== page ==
Courtland-Oakfield United Methodist Church
10295 Myers Lake Ave., Rockford
I’m still thinking about Independence Day. Celebrations of “liberty and justice for all” are still fresh in mind. Even though the nation was founded with some limitations on the word “all” (African slaves, women, non-landowners, for example, weren’t originally included), I am grateful that there have been courageous, visionary leaders along the way to push us toward a full realization of the ideals on which our country was founded.
“All” is a potent little word that is particularly challenging in world made up of such a diverse collection of people. Whether by age, race, sexual orientation, gender, ethnic heritage, cultural affinities, or any of a number of other characteristics, each of us can be defined and categorized in ways such that no one is identical to anyone else.
I am a transplant to this area having grown up in Indianapolis, Indiana, and lived for more than 30 years in Grand Rapids. There are reminders of many aspects of our nation’s diversity that are more evident in most cities than one is likely to find in the town-and-country living of the Cedar Springs area.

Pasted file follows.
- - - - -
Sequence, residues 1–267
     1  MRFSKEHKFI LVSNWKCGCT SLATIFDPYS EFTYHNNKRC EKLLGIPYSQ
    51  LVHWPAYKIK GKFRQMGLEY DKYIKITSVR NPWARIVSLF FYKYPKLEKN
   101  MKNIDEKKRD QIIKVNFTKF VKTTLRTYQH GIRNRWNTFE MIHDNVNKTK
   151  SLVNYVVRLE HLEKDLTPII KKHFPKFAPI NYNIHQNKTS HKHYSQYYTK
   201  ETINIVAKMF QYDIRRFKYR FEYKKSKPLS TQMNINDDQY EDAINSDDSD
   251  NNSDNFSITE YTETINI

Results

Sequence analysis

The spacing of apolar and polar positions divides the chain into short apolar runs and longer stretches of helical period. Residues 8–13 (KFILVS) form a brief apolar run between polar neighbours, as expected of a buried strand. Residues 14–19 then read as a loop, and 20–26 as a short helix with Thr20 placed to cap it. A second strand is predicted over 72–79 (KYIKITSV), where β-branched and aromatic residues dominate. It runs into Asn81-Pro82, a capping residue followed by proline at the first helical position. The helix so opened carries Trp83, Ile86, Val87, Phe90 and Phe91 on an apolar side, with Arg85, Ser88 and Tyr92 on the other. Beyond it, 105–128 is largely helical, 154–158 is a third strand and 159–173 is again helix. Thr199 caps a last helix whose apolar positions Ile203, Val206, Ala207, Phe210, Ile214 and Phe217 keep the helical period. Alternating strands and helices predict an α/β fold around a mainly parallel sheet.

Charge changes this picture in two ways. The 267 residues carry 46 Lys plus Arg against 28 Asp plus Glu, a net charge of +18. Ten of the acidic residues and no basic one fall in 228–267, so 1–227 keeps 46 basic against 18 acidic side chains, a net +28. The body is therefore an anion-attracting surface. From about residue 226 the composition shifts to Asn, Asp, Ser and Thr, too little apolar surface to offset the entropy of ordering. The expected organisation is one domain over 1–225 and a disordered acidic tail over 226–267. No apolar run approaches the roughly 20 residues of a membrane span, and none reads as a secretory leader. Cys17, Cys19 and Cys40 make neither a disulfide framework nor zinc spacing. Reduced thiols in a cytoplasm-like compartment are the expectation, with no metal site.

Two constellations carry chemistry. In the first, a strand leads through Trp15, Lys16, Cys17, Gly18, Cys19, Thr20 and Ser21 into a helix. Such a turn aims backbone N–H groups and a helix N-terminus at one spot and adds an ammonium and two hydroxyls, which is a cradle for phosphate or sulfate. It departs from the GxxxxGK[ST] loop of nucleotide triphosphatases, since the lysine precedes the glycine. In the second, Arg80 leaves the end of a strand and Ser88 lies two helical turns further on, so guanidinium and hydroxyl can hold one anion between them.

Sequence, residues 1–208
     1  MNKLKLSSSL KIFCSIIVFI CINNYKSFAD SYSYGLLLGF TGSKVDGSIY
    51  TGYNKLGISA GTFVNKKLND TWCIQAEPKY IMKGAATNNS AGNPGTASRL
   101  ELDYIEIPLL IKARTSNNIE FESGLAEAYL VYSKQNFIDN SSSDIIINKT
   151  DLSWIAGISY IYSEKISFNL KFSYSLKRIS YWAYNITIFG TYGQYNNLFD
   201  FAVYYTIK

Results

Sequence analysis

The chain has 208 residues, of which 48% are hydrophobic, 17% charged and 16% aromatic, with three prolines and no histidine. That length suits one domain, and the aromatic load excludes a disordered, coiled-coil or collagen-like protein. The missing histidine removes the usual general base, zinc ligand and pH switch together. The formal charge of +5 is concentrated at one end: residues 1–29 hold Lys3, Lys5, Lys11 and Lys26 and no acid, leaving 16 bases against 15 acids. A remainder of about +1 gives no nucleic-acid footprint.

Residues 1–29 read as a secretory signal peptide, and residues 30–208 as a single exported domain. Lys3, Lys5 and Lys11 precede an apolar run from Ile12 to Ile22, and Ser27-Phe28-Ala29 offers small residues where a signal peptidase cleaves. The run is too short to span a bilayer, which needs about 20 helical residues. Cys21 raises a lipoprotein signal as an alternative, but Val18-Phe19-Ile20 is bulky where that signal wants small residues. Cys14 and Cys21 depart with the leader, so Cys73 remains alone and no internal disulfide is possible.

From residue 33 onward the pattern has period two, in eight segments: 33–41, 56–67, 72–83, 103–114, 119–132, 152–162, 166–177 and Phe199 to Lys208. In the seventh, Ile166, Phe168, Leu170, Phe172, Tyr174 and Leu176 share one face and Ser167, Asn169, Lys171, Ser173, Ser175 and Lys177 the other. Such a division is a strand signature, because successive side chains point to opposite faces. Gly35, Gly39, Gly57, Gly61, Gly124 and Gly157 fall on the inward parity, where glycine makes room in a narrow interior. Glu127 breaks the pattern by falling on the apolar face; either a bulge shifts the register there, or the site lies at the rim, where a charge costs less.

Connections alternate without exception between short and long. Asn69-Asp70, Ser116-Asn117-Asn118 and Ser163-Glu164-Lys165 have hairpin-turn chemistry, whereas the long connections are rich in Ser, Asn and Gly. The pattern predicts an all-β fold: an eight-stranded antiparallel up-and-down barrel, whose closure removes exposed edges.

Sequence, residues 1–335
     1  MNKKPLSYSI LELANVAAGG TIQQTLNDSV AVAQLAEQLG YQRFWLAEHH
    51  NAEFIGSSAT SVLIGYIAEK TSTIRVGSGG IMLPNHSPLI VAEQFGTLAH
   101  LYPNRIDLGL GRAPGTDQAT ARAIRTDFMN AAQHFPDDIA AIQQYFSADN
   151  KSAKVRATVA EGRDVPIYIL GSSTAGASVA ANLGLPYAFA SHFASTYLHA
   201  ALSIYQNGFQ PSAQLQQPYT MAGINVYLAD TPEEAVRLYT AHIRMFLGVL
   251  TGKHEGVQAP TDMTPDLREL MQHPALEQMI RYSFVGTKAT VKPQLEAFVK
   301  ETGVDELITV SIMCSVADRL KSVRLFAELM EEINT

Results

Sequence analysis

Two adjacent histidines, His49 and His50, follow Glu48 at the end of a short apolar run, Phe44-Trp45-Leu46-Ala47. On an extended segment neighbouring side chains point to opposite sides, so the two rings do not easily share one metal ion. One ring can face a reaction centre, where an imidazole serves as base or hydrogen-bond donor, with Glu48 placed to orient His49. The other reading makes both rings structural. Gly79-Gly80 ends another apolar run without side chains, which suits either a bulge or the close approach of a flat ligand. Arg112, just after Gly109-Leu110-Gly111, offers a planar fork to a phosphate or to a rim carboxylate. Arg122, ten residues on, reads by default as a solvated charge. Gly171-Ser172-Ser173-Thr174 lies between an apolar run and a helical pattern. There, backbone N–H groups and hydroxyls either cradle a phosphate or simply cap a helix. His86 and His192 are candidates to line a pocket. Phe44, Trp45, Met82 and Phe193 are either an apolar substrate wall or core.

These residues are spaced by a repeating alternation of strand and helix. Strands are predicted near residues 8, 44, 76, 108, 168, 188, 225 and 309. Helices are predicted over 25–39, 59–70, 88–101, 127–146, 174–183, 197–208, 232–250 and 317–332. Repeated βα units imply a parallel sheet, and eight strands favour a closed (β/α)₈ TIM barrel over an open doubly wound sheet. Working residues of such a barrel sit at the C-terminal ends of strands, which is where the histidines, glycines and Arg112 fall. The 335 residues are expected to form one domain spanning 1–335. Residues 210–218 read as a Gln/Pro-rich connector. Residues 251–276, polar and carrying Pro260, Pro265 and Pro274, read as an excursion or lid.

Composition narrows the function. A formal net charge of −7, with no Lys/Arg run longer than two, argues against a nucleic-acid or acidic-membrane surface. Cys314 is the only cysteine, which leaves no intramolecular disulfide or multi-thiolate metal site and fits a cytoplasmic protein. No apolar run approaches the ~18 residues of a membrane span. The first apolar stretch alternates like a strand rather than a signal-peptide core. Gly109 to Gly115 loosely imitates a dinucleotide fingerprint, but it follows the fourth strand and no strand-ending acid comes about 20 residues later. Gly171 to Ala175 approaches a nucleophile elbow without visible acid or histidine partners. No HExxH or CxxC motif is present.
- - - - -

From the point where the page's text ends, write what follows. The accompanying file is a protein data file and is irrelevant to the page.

There are, however, other reminders of the full diversity of all creation in this part of the world, diversity of a different sort than shows up in urban settings. House wrens and grackles are just about the only birds flying the skies of Grand Rapids, along with the occasional cardinal, blue jay, or mourning dove. Here there are hummingbirds, orioles, and red-breasted grosbeaks; woodpeckers, bluebirds, and indigo buntings; Canada geese, blue herons, and bald eagles.
The writer of Psalm 139 has this to say about all that God has knit together and our place in the diversity of creation: “I give thanks to you that I was marvelously set apart. Your works are wonderful—I know that very well” (Psalm 139:14, CEV).
We often struggle with our differences; we let them breed discomfort, fear, and resentment, but they are evidence of God’s hand in all that is (there’s that word again) and all who are.
“Liberty and justice for all” is not only a promise for Americans in civic and political arenas, it is the promise of God for those parts of our lives that yearn for wholeness and spiritual peace. The apostle Paul put it this way: “Creation itself will be set free from slavery to decay and brought into the glorious freedom of God’s children” (Romans 8:21, CEV). That’s something to hope for, something to work for, something to grow toward, and that’s something for us to do together, all of us.